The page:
A Back in Black - Racist, Rational or Happenstance?

It's a simple and undisputable fact - HIV/AIDS is pandemic in South Africa. As a result, an organization called loveLife is trying to promote safe sex through a variety of means, including outdoor advertising. However, as BET reports, the message they're sending out is getting a secondary interpretation. Click here for the story, then go here to see the other billboards in their campaign.

Your reaction?

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Anonymous Adgrunt's picture
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tlevitz's picture

I did not come away with the idea that blacks are any more promiscuous than other groups. Then again, as a white American girl from the 'burbs, I'm not sure I'm allowed to have an opinion.

What I saw was the age-old (or at least from the late 80s on) creative concern of making sure one includes every conceivable multi-cultural combo so as not leave anybody out.
Have you ever found yourself sorting thru stock photos and saying "we really need to find a Hispanic grandmother, then we'll have covered all the bases?" Working on a brochure recently, I had the creepy feeling that accounting for diversity could be a borderline rascist thing in itself.

I'd like to know which pieces ran where -- were they placed to accurately reflect the racial makeup of their environments and the audience? I think that's what really matters.

AnonymousCoward's picture

The problem I have is that the ads are clever in a Western sort of way, which can lead to problems such as this issue about stereotypes. But most of the communities in Africa that are being ravaged with AIDS suffer (through no fault of their own) from the oppression of poverty and ignorance. Sterotypes are definitely a side-effect of iconographic design, but I think that's less than the problem as a whole.
Effective ads for this cause, I believe, should be explanatory and offer up in direct fashion the two best solutions: 1. condoms, and 2. abstinance. AIDS is a huge problem in Malawi and Mozambique because of the poverty... very young women (sometimes between 12 and 16) are often drawn in by sugardaddies in order that they don't starve, and they are thus trapped in this new and dangerous life. But the ads (i.e "Everyone he's slept with...") imply a choice in relationships and lifestyles. The cause is poverty and ignorance, and I think the cute/clever approach to advertising (in these examples) does nothing to address either issue.

Dabitch's picture

exactly. these ads looks like they're aiming to get an award - not at all tackling the misinformation/myths that are a disturbing response to the lack of information about the disease in south africa so far. They really needed to make a simple, proper fact campaign - what transmits it etc, and kill some myths - rather than preach the old scare tactics. Feels off strategy (or just wrong strategy), rather than racist.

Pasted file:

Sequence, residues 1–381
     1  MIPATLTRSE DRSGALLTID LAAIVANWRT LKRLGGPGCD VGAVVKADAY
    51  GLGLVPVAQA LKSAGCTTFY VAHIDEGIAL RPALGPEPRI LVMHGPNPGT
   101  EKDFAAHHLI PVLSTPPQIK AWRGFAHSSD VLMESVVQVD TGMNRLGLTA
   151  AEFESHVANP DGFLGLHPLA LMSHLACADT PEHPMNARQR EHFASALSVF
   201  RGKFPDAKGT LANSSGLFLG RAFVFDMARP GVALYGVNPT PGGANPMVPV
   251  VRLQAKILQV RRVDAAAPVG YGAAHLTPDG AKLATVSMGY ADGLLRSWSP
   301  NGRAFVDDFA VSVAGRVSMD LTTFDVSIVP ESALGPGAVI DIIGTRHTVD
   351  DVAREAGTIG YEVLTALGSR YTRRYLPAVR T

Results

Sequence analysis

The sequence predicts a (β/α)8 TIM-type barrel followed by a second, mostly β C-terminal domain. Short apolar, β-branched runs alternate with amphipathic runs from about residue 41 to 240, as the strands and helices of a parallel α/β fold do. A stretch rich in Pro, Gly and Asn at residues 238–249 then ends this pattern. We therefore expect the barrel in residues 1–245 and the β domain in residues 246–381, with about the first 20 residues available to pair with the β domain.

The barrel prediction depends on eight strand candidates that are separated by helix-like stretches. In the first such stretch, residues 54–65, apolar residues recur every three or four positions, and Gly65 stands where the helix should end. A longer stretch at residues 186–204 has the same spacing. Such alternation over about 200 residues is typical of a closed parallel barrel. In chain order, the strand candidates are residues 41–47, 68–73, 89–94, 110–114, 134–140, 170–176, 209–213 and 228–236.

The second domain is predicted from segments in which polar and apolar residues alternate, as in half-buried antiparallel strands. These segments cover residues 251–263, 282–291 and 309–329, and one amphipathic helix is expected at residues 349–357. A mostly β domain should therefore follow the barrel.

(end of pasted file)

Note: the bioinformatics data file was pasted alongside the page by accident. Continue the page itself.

Dabitch's picture

Good comments.

It's absolutly NOT tackling the real problem - with AIDS rampant prevention is the only thing they shall preach - give out free condoms everywhere. Tell people to use them - BASTA!

tlevitz's picture

So then, advertising is not an answer / a particularly effective measure here...?

d'oh, the "award bait" angle didn't cross my mind. Back to school for me.

Dabitch's picture

I think advertising is the asnwer - but it has to tackle the real issues not fart for awards.

anonymous's picture

I have to disagree, dabitch - Farting would be a highly effective sexual deterrent. Might not translate very well into billboards, however.

Dabitch's picture


tlevitz's picture

No, really, is our humble medium enough to effect wide-sweeping societal change?

In terms of PSAa and whatnot, (for example) sophisticated teens experimenting with drugs seems like peanuts compared to the African STD/AIDS thing... an entirely different sort of audience altogether? Leave it to the khaki-clad, idealistic, Peace Corps educators... I say, somewhat sarcastically.

'Tis a heavy burden indeed... would much rather infect an entire generation with a nonsensical jingle or catch phrase... shock and awe, anyone? So much for trying to do some good via our godless trade. (Sorry, I've had a few!)

Dabitch's picture

If I didn't believe that advertising could make a wide-sweeping societal change - I wouldn't be working in this business!